You play for one team. That is Newcastle United. The ones who are paying your exorbitant wages.

 

Anything besides that is a bonus and it is time you started treating it that way.

 

It's tits like you that he's aiming the title of his article at....

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Don't be harsh on these lads, I translated on N-O what they tend to read and I think it will show you why they react how they do:

 

OWEN: WHATEVER I SAY IS TWISTED

 

I am a football rebel — someone who wants to take on the world in general and Sam Allardyce in particular.

 

I can honestly say, hand on heart, I have set out to cause a problem for all of my managers. And I'm sure I've succeeded in that aim.

 

It all stemmed from my recent double stomach operation in Germany which enabled me to be fit and ready for action again in eight days.

 

Now you might have thought that was a cause for celebration, having worked hard to recover in record time.

 

It was certainly a positive episode as far as I was concerned I could play in the England games against Estonia and Russia.

 

I was more concerned about playing for my country than my club.

 

"Shut It Sam"

 

I explained that my original comeback target was to play the international.

 

And that anything ahead of that would be a bonus.

 

In fact, it was Sam Allardyce who first raised the possibility of me being fit for the game against Everton after he had spoken to the surgeon who carried out my operations.

 

As it turned out, I was fit for that game — albeit as a substitute — but it was a case of me rushing back for Newcastle just so I could join up with England.

 

And, it seems, I was doing it for my country.

 

I have missed far too much football in recent seasons to be able to afford to pick and choose which matches I want to play in.

 

I will repeat: I want to play in EVERY game, for England.

 

A footballer's career is short enough as it is without deliberately missing out on big matches.

 

I want to help England to win something.

 

And I still reckon it is possible.

Interview: DAVID HARRISON

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Guest James_coDurham
Don't be harsh on these lads, I translated on N-O what they tend to read and I think it will show you why they react how they do:

 

OWEN: WHATEVER I SAY IS TWISTED

 

I am a football rebel — someone who wants to take on the world in general and Sam Allardyce in particular.

 

I can honestly say, hand on heart, I have set out to cause a problem for all of my managers. And I'm sure I've succeeded in that aim.

 

It all stemmed from my recent double stomach operation in Germany which enabled me to be fit and ready for action again in eight days.

 

Now you might have thought that was a cause for celebration, having worked hard to recover in record time.

 

It was certainly a positive episode as far as I was concerned I could play in the England games against Estonia and Russia.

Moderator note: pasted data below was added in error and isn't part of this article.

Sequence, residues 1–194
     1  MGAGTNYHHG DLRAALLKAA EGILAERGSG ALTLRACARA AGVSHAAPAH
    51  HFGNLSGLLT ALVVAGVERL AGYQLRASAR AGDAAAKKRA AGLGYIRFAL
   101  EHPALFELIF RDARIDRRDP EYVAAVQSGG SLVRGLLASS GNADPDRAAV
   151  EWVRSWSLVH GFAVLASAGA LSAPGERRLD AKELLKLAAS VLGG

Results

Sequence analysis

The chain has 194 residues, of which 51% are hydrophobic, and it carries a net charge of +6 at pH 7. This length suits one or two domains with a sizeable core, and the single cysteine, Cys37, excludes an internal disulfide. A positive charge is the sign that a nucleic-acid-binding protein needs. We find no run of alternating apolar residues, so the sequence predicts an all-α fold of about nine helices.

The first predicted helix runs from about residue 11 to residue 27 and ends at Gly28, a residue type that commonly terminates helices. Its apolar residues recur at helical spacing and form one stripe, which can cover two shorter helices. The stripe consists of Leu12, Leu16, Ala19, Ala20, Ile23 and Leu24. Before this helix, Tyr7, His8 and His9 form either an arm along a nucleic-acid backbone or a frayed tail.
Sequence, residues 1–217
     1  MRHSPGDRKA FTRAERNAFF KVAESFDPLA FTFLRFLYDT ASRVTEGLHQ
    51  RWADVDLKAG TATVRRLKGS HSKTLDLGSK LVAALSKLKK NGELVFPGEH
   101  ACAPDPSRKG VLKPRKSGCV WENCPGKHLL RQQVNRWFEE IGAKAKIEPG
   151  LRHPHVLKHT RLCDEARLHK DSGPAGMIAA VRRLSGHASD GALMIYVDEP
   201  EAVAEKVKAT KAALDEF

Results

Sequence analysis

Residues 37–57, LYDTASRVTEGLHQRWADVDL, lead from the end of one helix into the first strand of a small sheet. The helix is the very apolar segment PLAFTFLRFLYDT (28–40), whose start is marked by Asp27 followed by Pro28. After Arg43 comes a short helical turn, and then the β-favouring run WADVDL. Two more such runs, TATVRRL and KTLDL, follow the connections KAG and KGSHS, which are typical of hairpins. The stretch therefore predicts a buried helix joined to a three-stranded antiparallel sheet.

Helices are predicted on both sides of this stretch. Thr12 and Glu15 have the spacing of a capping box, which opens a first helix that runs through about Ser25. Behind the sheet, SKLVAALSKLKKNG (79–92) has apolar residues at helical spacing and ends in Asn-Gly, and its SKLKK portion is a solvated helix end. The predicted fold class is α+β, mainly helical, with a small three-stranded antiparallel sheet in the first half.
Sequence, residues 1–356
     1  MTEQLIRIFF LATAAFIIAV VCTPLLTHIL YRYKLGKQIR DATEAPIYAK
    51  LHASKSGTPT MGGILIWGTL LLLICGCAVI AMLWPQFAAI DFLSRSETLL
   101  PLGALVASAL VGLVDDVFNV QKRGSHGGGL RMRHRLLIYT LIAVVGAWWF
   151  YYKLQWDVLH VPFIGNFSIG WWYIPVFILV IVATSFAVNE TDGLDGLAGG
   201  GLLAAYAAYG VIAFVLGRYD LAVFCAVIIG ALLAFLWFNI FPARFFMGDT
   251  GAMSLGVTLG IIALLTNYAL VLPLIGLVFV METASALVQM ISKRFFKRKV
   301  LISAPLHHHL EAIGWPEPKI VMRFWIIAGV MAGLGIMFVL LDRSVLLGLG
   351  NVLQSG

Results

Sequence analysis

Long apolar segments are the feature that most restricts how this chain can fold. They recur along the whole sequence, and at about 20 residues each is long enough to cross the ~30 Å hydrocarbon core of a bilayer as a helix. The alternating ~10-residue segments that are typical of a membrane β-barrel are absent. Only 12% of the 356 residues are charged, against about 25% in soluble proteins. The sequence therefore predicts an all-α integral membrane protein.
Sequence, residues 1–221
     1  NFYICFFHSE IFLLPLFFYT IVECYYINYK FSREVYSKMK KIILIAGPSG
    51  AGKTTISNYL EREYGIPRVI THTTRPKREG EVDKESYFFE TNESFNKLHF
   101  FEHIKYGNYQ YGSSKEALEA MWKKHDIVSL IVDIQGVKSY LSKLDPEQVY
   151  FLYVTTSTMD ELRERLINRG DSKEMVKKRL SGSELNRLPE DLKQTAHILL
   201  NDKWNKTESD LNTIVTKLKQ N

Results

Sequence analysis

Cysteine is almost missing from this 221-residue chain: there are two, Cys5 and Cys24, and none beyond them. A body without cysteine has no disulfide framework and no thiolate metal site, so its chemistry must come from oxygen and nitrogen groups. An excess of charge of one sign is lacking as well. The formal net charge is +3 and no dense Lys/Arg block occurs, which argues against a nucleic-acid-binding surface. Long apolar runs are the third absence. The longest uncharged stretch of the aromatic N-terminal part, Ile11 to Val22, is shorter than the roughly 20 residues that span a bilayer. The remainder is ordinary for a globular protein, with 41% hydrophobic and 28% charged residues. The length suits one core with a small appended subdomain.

I was more concerned about playing for my country than my club.

 

"Shut It Sam"

 

I explained that my original comeback target was to play the international.

 

And that anything ahead of that would be a bonus.

 

In fact, it was Sam Allardyce who first raised the possibility of me being fit for the game against Everton after he had spoken to the surgeon who carried out my operations.

 

As it turned out, I was fit for that game — albeit as a substitute — but it was a case of me rushing back for Newcastle just so I could join up with England.

 

And, it seems, I was doing it for my country.

 

I have missed far too much football in recent seasons to be able to afford to pick and choose which matches I want to play in.

 

I will repeat: I want to play in EVERY game, for England.

 

A footballer's career is short enough as it is without deliberately missing out on big matches.

 

I want to help England to win something.

 

And I still reckon it is possible.

Interview: DAVID HARRISON

 

You sad bastard :razz:

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Guest James_coDurham
Ironic coming from the kid who has decided to spend his morning winding certain people up.

 

Bet you have spent more time looking for our posts and coming up with your amazingly funny replies than I did deleting a few lines from an article.

 

:razz: Sad bastard!!!

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Don't be harsh on these lads, I translated on N-O what they tend to read and I think it will show you why they react how they do:

 

OWEN: WHATEVER I SAY IS TWISTED

 

I am a football rebel — someone who wants to take on the world in general and Sam Allardyce in particular.

 

I can honestly say, hand on heart, I have set out to cause a problem for all of my managers. And I'm sure I've succeeded in that aim.

 

It all stemmed from my recent double stomach operation in Germany which enabled me to be fit and ready for action again in eight days.

 

Now you might have thought that was a cause for celebration, having worked hard to recover in record time.

 

It was certainly a positive episode as far as I was concerned I could play in the England games against Estonia and Russia.

 

I was more concerned about playing for my country than my club.

 

"Shut It Sam"

 

I explained that my original comeback target was to play the international.

 

And that anything ahead of that would be a bonus.

 

In fact, it was Sam Allardyce who first raised the possibility of me being fit for the game against Everton after he had spoken to the surgeon who carried out my operations.

 

As it turned out, I was fit for that game — albeit as a substitute — but it was a case of me rushing back for Newcastle just so I could join up with England.

 

And, it seems, I was doing it for my country.

 

I have missed far too much football in recent seasons to be able to afford to pick and choose which matches I want to play in.

 

I will repeat: I want to play in EVERY game, for England.

 

A footballer's career is short enough as it is without deliberately missing out on big matches.

 

I want to help England to win something.

 

And I still reckon it is possible.

Interview: DAVID HARRISON

 

:razz:

Edited by ewerk
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Owen in finding out 'the media are in it for themselves' shocker!

 

He knows full well what the media are like which is why he never comments until pushed to it by the Sun and stupid cunts like the yank on here. I can't believe he even gets stick for this article, absolutely fucking stupid.

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Owen in finding out 'the media are in it for themselves' shocker!

 

He knows full well what the media are like which is why he never comments until pushed to it by the Sun and stupid cunts like the yank on here. I can't believe he even gets stick for this article, absolutely fucking stupid.

 

Go team!

 

...knob. :razz: